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Movie Reviews

The Mod Squad  

Starring: Claire Danes, Omar Epps, Giovanni Ribisi, Dennis Farina, Michael Lerner Directed by: Scott Silver Written by: Tony Ludwig and Ben Myron

I must confess that I've never been a fan of the original television series "The Mod Squad." I do not know much about it. But that's a rather moot point, seeing as though the filmmakers are quite aware of the fact that most of their target audience won't have the slightest idea what The Mod Squad is. We know this because at the very beginning, we are treated to a textbook definition of both the words "mod" and "squad". (Although I don't know how necessary it was to include "squad" in there.)

Immediately after that, we get a first hand look at each member of The Mod Squad along with a voice-over description of their respective backgrounds. They are Julie Barnes (Claire Danes), Lincoln Hayes (Omar Epps), and Pete Cochrane (Giovanni Ribisi). All three were brought on board the police department by Lt. Adam Greer (Dennis Farina). His idea is to have the kids work undercover, blending in to the seedy Los Angeles night life, thereby assisting in drug busts, prostitution arrests, and so on.

There's trouble in the department. Some drugs were stolen from the police evidence lock-up, and naturally the other cops assume it's Greer's bunch. When one of the officers is killed, the heat really gets turned up, and the Mod Squad must break free from the department to solve the case on their own.

Of course, the movie is quite shallow and rather empty, which didn't surprise nor bother me. (From what I understand, the television show was equally shallow and empty.) What did surprise me was how shockingly slow and boring it is. I don't know how faithful this film adaptation is, but if it was this dull on television, I'm truly surprised the show made it beyond the pilot.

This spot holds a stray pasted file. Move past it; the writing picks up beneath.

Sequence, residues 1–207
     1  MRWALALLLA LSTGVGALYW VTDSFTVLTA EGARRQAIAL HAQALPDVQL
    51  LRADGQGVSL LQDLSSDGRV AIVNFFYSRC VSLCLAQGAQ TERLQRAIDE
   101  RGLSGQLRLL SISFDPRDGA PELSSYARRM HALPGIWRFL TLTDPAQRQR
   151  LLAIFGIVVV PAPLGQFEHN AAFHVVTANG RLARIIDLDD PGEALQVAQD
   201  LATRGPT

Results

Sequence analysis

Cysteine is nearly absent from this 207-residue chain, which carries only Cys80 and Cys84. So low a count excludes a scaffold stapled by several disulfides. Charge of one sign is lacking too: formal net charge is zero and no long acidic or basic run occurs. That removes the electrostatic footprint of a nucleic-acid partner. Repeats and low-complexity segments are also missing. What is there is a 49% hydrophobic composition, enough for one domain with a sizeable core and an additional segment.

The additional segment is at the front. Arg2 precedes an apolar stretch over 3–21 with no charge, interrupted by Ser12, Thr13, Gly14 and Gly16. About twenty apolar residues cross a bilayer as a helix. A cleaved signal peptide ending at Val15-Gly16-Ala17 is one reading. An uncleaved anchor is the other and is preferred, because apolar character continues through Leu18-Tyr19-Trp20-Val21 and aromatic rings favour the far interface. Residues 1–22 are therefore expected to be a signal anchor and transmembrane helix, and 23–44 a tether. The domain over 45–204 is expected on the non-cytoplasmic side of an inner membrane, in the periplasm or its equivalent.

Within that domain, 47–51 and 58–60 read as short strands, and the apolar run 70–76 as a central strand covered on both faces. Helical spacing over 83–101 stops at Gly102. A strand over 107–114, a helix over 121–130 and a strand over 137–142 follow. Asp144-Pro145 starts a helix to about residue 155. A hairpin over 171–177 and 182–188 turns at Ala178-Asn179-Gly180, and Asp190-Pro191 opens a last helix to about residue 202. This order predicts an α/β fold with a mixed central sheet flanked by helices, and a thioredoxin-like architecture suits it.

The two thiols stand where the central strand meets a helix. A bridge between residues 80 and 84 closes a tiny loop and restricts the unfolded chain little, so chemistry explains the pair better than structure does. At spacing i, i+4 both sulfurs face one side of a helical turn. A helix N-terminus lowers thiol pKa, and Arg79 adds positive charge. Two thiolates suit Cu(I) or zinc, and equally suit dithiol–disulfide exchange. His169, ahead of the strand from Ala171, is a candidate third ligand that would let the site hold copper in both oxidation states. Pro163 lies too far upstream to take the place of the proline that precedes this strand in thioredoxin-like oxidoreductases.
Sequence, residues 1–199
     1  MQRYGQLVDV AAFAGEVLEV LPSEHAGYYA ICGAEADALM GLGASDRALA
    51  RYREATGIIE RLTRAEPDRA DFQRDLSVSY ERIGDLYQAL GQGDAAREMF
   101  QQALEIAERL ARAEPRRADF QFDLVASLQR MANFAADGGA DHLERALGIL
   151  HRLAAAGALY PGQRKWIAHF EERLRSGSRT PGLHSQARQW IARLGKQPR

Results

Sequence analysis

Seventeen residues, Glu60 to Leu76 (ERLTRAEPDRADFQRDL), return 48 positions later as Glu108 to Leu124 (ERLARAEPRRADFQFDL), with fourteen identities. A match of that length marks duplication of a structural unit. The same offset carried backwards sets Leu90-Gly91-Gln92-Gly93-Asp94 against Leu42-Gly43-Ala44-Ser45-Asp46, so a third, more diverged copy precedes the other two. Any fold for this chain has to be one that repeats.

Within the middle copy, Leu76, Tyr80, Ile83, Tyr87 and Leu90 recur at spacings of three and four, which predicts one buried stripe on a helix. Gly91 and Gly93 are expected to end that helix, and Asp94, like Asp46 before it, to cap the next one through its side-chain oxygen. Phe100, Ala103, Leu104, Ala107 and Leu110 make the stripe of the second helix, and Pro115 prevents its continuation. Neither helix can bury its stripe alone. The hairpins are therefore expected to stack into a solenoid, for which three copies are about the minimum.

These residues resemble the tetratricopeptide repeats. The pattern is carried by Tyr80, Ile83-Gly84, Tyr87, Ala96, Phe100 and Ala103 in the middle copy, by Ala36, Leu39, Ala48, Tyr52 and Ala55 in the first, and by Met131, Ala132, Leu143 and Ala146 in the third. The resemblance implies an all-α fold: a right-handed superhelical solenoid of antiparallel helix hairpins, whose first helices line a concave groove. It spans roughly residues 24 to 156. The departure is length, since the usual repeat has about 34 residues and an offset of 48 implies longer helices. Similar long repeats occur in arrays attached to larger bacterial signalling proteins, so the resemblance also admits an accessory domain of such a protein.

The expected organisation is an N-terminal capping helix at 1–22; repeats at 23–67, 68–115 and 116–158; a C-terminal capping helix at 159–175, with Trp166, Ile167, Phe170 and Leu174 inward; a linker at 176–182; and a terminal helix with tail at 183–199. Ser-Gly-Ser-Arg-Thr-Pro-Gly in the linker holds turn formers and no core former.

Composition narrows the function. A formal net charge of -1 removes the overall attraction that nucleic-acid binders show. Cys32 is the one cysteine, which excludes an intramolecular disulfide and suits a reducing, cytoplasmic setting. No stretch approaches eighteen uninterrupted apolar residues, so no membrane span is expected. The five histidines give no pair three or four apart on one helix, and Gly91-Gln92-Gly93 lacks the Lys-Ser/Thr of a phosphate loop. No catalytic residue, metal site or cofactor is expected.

Also, director Scott ("johns") Silver isn't sure if he wants to update the movie for today's audiences or not. He sort of straddles the issue - it takes place in the present, but the set design in numerous scenes has a seventies feel to it; and the musical score is taken right out of the seventies. Not committing to a consistent style from which the story filters indicates the lack of consideration as to what audience this movie is intended for. As a result, this is a film that doesn't play to any particular audience.

The movie is chock full of terrific young actors, but they have all done better work - Claire Danes in "Little Women" and "William Shakespeare's Romeo & Juliet", Omar Epps in "Higher Learning", Giovanni Ribisi in "Saving Private Ryan" - and seem too sensible to be playing these roles. Maybe unknown actors might have worked better.

The script was by Stephen Kay, Kate Lanier, and Silver, although I'm willing to bet the idea to remake "The Mod Squad" into a feature film came from a studio exec who perhaps remembered seeing part of an episode and thought "Yeah, today's youth could probably relate to something like that." That's the way the movie feels - half-baked, rushed, and not well thought out.

Copyright 2001 Michael Brendan McLarney Critically Ill

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